Some authors have recently being concerned with the clinical validation of these DCs(2-4). It is worth noting that IC and change in peripheral pulse amplitude were validated in patients whose related factor is reduced cardiac output(3). It is well established the IC is the main clinical manifestation of an imbalance between supply and demand of oxygen and nutrients to the skeletal muscles of the lower limbs in patients with obstructive arterial lesions(5). There is evidence that this DC is accompanied by important functional limitations, which consequently worsen patients' quality of life(4,6-7).
Despite its relevance, IC is not identified in 75% of patients who experience it(8). Some hypotheses are raised to explain such a fact. First, IC most frequently affects elderly individuals, who attribute the symptom to the natural aging process and do not complain about it to health professionals. The second hypothesis is that health professionals do not plan for an active search for the symptom. Given the context, this study highlights aspects that are relevant for the identification of IC during anamnesis and physical assessments performed by nurses.
IC can be described by patients as involving fatigue, discomfort, cramps, paralysis, tightness or pain in a specific muscle group in the lower limbs (usually including the calf) during the expenditure of effort and that is relieved with rest. IC results from arterial stenosis in the lower limbs, caused by atherosclerosis. Similarly to what happens in the case of coronary problems, individuals with IC possess appropriate blood flow to the lower limbs when at rest and that is why they do not present that particular symptom. However, this flow becomes inadequate to meet metabolic needs during exercise (effort) given increased local muscle demand(5). Since IC is a manifestation of systemic atherosclerosis, associated risk factors are similar to those for other atherosclerotic diseases such as age, male gender, smoking, sedentariness, obesity and diabetes(9-10).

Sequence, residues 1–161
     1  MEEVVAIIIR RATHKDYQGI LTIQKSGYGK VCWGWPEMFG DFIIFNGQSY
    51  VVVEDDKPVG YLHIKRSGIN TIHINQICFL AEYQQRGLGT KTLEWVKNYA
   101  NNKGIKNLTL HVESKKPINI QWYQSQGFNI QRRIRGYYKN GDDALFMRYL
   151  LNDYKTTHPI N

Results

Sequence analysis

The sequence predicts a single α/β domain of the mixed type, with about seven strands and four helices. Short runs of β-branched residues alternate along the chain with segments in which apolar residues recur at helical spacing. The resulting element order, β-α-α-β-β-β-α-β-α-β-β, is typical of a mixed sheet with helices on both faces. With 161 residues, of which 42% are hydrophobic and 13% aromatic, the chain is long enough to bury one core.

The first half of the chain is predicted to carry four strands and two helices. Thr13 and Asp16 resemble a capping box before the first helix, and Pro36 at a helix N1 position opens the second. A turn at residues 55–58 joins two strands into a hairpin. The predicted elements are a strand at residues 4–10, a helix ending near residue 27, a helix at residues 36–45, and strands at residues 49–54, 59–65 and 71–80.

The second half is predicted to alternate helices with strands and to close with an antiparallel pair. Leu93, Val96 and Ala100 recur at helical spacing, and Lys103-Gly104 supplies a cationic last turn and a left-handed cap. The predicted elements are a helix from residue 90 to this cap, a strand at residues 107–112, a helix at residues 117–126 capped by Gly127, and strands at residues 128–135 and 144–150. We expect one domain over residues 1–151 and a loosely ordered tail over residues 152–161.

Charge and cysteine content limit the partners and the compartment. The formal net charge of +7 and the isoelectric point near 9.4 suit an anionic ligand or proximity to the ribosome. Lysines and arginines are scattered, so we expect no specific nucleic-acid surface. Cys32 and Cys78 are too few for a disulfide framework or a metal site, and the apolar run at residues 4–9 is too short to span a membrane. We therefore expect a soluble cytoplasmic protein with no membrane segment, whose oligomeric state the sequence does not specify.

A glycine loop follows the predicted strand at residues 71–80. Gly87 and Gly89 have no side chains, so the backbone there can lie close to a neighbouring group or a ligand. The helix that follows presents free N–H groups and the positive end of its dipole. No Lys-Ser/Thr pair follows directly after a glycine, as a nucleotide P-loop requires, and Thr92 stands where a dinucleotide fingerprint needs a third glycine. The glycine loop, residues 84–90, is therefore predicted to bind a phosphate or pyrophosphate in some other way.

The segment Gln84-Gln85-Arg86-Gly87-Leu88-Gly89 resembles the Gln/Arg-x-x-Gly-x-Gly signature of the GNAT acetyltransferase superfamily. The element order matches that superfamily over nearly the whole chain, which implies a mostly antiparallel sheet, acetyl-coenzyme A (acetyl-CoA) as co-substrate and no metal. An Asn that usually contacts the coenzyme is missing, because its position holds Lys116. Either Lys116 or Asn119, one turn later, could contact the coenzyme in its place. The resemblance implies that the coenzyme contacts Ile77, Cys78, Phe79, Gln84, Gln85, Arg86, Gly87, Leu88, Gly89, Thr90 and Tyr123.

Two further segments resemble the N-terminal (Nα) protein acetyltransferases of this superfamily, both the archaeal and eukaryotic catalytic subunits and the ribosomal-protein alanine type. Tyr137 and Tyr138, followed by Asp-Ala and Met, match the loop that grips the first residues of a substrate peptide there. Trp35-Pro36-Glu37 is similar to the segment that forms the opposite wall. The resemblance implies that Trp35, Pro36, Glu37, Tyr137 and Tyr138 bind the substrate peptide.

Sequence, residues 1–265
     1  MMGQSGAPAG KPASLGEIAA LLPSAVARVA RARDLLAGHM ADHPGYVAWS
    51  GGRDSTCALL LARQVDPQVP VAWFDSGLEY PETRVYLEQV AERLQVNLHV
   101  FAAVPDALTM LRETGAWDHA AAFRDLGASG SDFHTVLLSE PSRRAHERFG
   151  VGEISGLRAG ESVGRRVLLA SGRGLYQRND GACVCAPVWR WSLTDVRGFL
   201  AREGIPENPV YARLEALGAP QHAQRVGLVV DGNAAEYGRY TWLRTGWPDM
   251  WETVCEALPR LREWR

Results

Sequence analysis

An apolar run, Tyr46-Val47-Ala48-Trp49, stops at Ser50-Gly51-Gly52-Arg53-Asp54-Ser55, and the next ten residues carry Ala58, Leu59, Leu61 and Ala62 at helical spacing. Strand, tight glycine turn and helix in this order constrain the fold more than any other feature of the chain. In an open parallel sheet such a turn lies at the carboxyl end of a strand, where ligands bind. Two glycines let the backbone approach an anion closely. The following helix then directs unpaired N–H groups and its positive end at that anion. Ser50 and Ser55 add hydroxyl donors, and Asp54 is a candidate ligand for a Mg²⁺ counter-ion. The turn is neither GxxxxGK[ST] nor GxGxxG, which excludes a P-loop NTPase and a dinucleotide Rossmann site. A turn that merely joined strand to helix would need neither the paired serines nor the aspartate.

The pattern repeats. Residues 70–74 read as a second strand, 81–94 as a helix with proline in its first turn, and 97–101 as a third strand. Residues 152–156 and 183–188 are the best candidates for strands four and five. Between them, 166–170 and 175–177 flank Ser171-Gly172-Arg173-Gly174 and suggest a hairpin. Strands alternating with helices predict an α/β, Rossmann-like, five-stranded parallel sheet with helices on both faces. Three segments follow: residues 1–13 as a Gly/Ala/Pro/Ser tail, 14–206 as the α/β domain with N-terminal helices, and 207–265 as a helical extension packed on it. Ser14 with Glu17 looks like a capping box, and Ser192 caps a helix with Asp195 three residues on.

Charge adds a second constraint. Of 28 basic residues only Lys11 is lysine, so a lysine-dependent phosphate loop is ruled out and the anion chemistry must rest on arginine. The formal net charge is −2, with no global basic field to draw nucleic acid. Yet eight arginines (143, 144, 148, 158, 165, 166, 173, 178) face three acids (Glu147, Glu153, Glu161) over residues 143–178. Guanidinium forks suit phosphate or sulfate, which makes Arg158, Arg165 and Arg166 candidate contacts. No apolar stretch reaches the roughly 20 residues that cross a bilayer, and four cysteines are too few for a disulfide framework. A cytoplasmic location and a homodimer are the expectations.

Identifying the site affected by pain or discomfort, its characterization, relationship with exercise and rest, and obtaining knowledge concerning the patient's clinical history are useful in discriminating claudication of arterial origin from other causes. To make this discrimination simpler, with the exception of arterial claudication, claudication of other origins improves, in general, with postural changes and/or persists even during rest(5).
Other strategies used to identify IC are: the use of specific questionnaires, the search for evidence in physical assessments that indicates poor tissue perfusion, and ankle-brachial index (ABI).
Questionnaire to detect IC
An adjuvant method to screening patients with IC that can be employed by nurses is the use of specific questionnaires. A questionnaire was proposed in 1962 aiming to aid in the identification of IC. Even though it is a questionnaire adopted by the World Health Organization, it was never validated for Portuguese(11). Years later, the Edinburgh Claudication questionnaire was developed and its translation was recently validated in Brazil(12). This questionnaire is composed of six questions: 1) Do you get pain or discomfort in your leg(s) when you walk?; 2) Does this pain ever begin when you are standing still or sitting?; 3) Do you get it if you walk uphill or hurry?; 4) Do you get it when you walk at an ordinary pace on level?; 5) What happens if you stand still?; 6) where do you get this pain or discomfort? The result is considered positive (presence of IC) if questions 1 and 3 are answered "yes", "no" is the answer for question 2, "generally disappear in 10 minutes or less" is the response to question 5, and the affected areas are "calf" and/or "thigh" and/or "gluteal region". Question 4 defines how severe the IC is(12).